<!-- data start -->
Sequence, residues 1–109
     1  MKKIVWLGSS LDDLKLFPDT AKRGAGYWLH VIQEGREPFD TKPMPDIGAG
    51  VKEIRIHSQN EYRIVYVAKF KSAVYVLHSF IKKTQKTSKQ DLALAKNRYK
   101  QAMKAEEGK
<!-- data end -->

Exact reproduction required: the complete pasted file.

Sequence, residues 1–109
     1  MKKIVWLGSS LDDLKLFPDT AKRGAGYWLH VIQEGREPFD TKPMPDIGAG
    51  VKEIRIHSQN EYRIVYVAKF KSAVYVLHSF IKKTQKTSKQ DLALAKNRYK
   101  QAMKAEEGK